What do improved home gardens in Java and mobile phone ownership have in common? They are both innovations which had a remarkable impact on food and nutritional security (FNS), and are now being studied by the JRC to outline a more resilient global food system.
A new study documents 110 FNS-related innovations from the past thirty years in the agricultural and other sectors worldwide. Itidentifies success factors for their implementation and spread. It also investigates the role of technological and institutional innovation for improving food and nutrition security, and mitigating therefore the risks and uncertainties inherent to the food system.
The improved home gardens in Java are an example of traditional innovation and have been used as a sustainable strategy to address dietary deficiencies (micronutrients), as well as to improve soil preservation and biodiversity. The gardens act as food buffer stock and have proven to contribute up to 12% and 23% of the recommended dietary intake in vitamin A and C respectively. In addition, home gardens provide the household with certain economic self-sufficiency, as a source of income and access to credit.
Mobile phone ownership is an illustration of an innovation based in new technology innovation. Small size farmers can for instance have improved access to market information or to details on financial and agricultural extension services or on lower transaction and distribution costs.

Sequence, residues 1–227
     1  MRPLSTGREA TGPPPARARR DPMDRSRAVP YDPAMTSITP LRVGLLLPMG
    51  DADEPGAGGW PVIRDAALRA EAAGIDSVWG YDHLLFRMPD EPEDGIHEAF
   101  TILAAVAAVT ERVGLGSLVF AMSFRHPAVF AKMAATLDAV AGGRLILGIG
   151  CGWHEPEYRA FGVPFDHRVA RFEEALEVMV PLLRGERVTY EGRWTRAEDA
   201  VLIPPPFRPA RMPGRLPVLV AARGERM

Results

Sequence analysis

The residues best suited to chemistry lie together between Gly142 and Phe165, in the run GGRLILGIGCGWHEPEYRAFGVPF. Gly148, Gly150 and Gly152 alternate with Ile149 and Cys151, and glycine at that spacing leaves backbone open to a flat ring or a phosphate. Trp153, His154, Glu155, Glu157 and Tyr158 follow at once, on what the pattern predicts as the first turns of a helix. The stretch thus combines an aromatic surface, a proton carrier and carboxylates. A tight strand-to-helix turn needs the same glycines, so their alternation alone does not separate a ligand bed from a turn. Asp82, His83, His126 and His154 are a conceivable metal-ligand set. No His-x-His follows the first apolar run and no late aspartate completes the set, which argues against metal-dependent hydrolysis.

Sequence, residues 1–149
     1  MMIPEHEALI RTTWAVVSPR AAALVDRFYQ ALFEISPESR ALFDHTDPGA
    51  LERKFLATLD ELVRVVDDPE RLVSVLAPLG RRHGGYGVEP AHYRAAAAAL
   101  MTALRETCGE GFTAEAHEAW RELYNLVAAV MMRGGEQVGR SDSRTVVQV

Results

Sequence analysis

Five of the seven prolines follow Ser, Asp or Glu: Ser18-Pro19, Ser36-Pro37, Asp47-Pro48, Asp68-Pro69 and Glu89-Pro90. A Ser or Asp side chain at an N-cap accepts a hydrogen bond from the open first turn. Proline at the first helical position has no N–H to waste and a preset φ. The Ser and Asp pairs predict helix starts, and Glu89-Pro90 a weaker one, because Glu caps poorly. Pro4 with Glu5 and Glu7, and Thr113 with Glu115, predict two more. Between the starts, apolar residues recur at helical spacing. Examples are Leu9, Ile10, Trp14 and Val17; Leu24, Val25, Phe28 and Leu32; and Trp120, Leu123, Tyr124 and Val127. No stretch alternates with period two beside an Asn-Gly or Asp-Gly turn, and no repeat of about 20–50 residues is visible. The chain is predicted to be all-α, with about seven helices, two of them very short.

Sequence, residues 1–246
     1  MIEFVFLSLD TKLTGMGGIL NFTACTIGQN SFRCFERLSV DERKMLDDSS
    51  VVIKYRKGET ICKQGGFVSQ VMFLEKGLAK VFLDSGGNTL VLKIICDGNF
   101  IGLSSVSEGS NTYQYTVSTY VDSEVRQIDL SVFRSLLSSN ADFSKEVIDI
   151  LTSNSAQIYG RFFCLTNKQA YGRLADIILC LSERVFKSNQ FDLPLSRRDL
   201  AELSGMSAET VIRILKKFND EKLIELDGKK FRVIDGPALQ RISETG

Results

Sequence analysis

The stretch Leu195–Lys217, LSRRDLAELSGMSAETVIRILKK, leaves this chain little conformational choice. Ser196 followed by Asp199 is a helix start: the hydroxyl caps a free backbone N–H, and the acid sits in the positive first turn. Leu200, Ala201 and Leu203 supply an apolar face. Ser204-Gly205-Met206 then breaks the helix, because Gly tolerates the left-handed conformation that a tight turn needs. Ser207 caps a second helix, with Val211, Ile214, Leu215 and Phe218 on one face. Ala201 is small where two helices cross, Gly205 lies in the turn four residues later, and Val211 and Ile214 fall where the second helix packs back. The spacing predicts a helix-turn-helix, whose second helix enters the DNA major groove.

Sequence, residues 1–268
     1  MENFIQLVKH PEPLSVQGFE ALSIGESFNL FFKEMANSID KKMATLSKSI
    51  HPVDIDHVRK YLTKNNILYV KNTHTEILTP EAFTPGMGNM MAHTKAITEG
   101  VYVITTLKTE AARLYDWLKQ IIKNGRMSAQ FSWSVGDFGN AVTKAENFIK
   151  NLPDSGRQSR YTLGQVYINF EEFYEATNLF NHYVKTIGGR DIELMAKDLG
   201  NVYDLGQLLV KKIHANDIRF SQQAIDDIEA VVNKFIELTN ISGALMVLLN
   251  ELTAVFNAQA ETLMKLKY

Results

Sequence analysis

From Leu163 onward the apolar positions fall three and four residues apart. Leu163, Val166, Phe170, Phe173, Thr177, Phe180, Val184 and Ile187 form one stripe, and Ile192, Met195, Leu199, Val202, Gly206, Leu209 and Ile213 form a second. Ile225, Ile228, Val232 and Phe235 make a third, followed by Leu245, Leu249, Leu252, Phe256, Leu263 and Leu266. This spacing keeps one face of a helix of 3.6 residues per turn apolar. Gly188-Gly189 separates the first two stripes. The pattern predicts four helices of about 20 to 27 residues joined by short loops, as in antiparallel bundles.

The analysis classified the type of innovations as institutional, technological, conventional or traditional, and also categorised them by their main purpose such as food availability, accessibility, utilisation and stability. It features an initial 110 records, but will be extended over the coming years, ideally back to the 1960s and the Green Revolution (the period between the 1940s and 60s, which witnessed an increase in agricultural production thanks to several initiatives).
This research is part of FOODSECURE, a global interdisciplinary FP7 project developed by several research institutes on global food and nutrition security. The analysis on FNS-related innovations was produced by the JRC in collaboration with Bonn University.